To make citing books EVEN EASIER, there is now a free Easybib app that you can download. With this app, you can scan a book barcode, and a citation for that book will generate automatically!  Remember, if you use specific page numbers you will have to manually enter that information.  Your friendly HHS librarians are, as always, here to help you if you have any questions or issues with this website or the app.  It's definitely an app we love!

Thursday, April 5, 2012

Novels in Verse

To celebrate National Poetry Month, I wanted to share with you some of the novels in verse that we have in the library.  These novels are one cohesive story told in a poetic form.  Many of these are told in free verse, like Jump Ball, but can also communicate more complicated forms, like Keesha’s House, which uses sestinas and sonnets.  These novels can be less daunting for struggling readers, as they are usually shorter and employ a lot of white space on the page.  But be aware that the poetry can also be sophisticated and more difficult for those who are not very comfortable with the language and form.  Here are a few of the verse novels we have in the library to check out.  Also, stop by to see our “Poet Tree” display which includes more selections of verse novels and other great poetry.

One of Those Hideous Books Where the Mother Dies
Sonya Sones

Fifteen-year-old Ruby Milliken leaves her best friend, her boyfriend, her aunt, and her mother's grave in Boston and reluctantly flies to Los Angeles to live with her father, a famous movie star who divorced her mother before Ruby was born.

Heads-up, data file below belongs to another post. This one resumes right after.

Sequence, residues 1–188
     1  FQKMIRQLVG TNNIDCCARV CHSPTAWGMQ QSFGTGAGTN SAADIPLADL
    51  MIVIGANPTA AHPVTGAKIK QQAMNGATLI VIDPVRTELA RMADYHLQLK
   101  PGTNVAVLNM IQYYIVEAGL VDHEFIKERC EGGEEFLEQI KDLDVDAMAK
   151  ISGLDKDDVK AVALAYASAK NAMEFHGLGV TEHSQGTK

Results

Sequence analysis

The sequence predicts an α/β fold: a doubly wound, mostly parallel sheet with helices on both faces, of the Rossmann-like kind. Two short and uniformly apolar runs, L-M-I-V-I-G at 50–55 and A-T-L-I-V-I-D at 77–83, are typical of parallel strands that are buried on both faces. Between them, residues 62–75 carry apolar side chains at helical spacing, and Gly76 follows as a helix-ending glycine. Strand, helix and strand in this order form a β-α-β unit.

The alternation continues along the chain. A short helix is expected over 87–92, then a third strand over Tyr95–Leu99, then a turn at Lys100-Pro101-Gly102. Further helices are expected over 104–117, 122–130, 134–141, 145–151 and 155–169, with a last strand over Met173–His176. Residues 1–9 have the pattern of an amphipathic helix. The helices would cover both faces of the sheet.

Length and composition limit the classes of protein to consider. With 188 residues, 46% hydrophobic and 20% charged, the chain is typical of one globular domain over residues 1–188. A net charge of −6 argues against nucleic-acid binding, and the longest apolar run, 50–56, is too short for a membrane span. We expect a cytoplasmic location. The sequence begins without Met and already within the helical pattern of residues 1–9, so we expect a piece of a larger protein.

Jump Ball: A Basketball Season in Poems
Mel Glenn

Tells the story of a high school basketball team's season through a series of poems reflecting the feelings of students, their families, teachers, and coaches.




Aleutian Sparrow
Karen Hesse

An Aleutian Islander recounts her suffering during World War II in American internment camps designed to "protect" the population from the invading Japanese.





Margaret Wild

With the help of her understanding mother and a close friend, Jen eventually outgrows her nickname, Jinx, and deals with the deaths of two boys with whom she had been involved.



Friday, February 10, 2012

Scoop.it: Useful Tool for Web Research and Evaluation

In the past few weeks, I have been using Scoop.it with a couple of classes, including Holly Hamm's AP Langauge and Comp classes and Melenie McBrayer's Environmental Science classes.  This is a site that allows students to access up to the minute news and information about topics that interest them.  They can then choose the information they want to "scoop" and add to their topic page. Other members of the site can view their topic page, read articles, their comments, and make suggestions for new information. 

To create a topic, students add a title, description, and key words for the site to use to search.  The key words the students use are important in finding relevant information.  This gives us the opportunity to teach necessary searching skills and ways to narrow results, so they aren't looking at a lot of information that isn't relevant to them.  Scoop.it crawls the web using Google News, Google Blogs, Twitter, Youtube, and Digg to find information based on those key words.  It then lists articles as suggested content.   The suggested content will look like this: